As a product development company, we get involved with every aspect of a design: how to produce items that meet performance and visual requirements while staying within a set budget. Part of the fun developing products is playing with various processes to achieve a set goal. In my career, I have had the opportunity to design plastic and elastomeric parts that were injection molded, vacuum and or thermally formed, urethane cast, cut, bent, and 3D printed (polyjet, SLA, SLS, FDM). I have also worked with sheetmetal bending, plasma cutting, spun parts, die casting, investment/lost wax casting, EDM, wire EDM, machining, milling, turning, welding (MIG, TIG), metal printing, and stamping various metals and alloys. One process I had never had the opportunity to work with is sand casting… until now. Here’s how it happened.
While I don’t consider myself an absent-minded scientist, I do have a very bad habit of leaving my glasses in odd places, and then having to search for them. My loving kids decided to solve my problem (I guess problem solving is in their genes!) and bought me a handmade wooden nose to put my glasses on.
Problem solved! Well, at home anyway. To solve the same problem at the office, I decided to make another nose myself, this time using some of the tools at RPM Tech. The base was pretty simple, but the nose was more complicated. While I have been solid modeling in CAD for over 30 years, surfacing is not my forte. After a few trials, I managed to model something that was not too different from the wood design, and generally pleasing.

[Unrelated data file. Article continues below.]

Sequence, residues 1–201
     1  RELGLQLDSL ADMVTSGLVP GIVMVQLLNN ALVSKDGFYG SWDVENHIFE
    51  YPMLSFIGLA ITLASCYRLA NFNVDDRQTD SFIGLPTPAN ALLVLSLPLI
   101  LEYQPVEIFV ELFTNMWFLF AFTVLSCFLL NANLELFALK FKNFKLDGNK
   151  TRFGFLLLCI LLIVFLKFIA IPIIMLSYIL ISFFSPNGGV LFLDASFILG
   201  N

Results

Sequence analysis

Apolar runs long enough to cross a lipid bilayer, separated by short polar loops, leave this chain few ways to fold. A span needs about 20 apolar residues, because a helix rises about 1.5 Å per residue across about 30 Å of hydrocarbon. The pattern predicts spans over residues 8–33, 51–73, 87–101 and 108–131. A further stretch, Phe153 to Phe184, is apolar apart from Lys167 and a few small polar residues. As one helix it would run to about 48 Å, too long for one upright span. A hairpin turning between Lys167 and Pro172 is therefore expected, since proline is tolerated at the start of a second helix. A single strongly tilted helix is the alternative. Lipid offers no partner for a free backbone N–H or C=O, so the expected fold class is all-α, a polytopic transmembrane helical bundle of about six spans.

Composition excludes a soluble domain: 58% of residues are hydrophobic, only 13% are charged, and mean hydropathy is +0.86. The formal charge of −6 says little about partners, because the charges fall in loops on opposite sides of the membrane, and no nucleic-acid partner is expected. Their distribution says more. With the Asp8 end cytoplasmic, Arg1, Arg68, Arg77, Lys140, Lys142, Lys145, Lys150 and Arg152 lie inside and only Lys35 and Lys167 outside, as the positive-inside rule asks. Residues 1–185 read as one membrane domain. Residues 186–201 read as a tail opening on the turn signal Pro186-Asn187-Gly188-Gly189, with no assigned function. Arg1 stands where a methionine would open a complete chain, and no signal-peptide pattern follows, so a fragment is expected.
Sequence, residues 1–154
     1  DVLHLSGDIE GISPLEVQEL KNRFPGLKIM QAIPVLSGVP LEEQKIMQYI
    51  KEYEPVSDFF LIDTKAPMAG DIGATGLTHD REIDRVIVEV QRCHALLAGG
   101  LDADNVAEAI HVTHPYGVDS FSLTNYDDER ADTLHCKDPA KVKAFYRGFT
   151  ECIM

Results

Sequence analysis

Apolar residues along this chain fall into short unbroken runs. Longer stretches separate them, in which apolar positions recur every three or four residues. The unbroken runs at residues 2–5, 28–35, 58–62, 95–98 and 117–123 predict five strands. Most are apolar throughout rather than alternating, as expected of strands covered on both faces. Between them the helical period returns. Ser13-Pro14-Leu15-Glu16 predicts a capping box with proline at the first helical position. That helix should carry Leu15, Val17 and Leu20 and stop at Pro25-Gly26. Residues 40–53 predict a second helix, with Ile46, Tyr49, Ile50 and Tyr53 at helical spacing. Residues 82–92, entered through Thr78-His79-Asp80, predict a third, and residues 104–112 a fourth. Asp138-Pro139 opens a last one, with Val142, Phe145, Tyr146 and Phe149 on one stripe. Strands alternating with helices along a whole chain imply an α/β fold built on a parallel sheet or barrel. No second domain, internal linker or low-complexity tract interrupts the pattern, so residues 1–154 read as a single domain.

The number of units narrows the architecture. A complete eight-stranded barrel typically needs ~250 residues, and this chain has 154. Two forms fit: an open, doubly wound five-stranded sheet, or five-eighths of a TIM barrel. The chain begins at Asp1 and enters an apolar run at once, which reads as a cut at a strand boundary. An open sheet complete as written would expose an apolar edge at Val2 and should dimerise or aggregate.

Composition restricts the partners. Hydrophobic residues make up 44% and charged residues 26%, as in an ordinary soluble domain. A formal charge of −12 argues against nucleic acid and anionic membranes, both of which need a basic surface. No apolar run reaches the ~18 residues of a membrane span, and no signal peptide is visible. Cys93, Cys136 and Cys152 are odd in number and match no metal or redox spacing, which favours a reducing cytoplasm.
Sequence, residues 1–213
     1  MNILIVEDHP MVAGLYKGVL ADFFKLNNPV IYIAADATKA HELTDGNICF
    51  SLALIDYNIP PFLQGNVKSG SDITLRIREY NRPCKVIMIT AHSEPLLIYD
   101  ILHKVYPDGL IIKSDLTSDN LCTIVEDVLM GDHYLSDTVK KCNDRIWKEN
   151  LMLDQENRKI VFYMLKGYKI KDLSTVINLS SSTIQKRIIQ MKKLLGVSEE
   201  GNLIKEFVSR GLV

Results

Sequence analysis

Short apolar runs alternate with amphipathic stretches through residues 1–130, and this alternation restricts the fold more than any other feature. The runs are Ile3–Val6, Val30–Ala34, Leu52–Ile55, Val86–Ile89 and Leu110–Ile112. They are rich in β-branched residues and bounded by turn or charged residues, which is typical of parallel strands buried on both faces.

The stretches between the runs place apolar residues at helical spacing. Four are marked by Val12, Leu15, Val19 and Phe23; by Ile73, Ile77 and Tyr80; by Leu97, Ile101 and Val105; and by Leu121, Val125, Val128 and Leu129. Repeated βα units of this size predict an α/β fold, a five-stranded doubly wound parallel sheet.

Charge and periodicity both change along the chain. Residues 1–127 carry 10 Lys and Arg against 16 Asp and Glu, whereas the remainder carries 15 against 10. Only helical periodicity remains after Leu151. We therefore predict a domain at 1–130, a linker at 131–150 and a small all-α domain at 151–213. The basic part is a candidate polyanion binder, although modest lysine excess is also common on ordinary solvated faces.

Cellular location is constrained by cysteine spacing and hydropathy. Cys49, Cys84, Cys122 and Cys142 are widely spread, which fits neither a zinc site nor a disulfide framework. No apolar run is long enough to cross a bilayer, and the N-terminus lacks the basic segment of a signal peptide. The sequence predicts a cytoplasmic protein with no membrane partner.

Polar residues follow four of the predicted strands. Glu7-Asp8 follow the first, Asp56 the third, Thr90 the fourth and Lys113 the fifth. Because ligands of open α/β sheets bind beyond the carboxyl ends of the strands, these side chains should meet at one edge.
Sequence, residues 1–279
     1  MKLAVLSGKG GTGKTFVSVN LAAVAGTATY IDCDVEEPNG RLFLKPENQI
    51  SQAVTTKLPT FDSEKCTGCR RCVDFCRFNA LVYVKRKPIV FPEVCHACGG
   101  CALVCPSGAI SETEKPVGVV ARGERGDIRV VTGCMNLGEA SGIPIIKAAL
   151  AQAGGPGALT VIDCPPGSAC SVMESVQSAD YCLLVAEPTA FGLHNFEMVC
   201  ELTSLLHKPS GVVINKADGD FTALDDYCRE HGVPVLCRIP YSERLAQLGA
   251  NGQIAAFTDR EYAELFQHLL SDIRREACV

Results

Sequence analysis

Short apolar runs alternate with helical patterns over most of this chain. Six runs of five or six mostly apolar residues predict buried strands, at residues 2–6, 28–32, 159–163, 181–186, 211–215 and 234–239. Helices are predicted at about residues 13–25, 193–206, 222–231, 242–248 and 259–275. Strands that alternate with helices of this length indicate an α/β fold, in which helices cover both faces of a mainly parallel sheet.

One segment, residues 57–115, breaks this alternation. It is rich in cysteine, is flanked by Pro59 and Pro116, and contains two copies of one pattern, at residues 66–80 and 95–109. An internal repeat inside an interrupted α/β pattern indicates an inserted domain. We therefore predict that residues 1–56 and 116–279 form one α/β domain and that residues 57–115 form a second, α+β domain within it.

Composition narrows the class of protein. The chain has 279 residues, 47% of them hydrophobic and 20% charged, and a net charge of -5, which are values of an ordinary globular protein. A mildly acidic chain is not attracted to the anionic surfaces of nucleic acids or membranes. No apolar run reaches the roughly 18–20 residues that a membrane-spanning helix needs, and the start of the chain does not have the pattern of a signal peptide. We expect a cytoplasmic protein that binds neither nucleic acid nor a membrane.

I printed a couple of parts, adjusted the shape a bit to make it more functional, and printed some more. The nose is SLA printed and the base is FDM. The parts looked pretty good and worked great. No more lost glasses!
But wait, there’s more! While cool looking and functional, I wanted to try for something a little more elegant. That’s about the time I met Bob Eagan, grandson of the American Alloy Foundry founder, based in Baltimore. He took the SLA printed nose and made a sand cast from it, pouring bronze in the resulting negative mold. The result was a rough bronze nose that was very similar (though not identical) to the printed model.
Michael in the model shop used our CNC to machine a much cleaner base out of aluminum. Then there was extensive cleaning and polishing of the nose, and the result was outstanding.
The transition from wood to bronze is interesting. We could have used the wood directly for casting pattern, but that would have been too easy…
I no longer look for my glasses at home, or in the office. It’s all in – or on – the nose… I suppose. (Cyrus Etemad-Moghadam – President & Founder, and eternal nerd)
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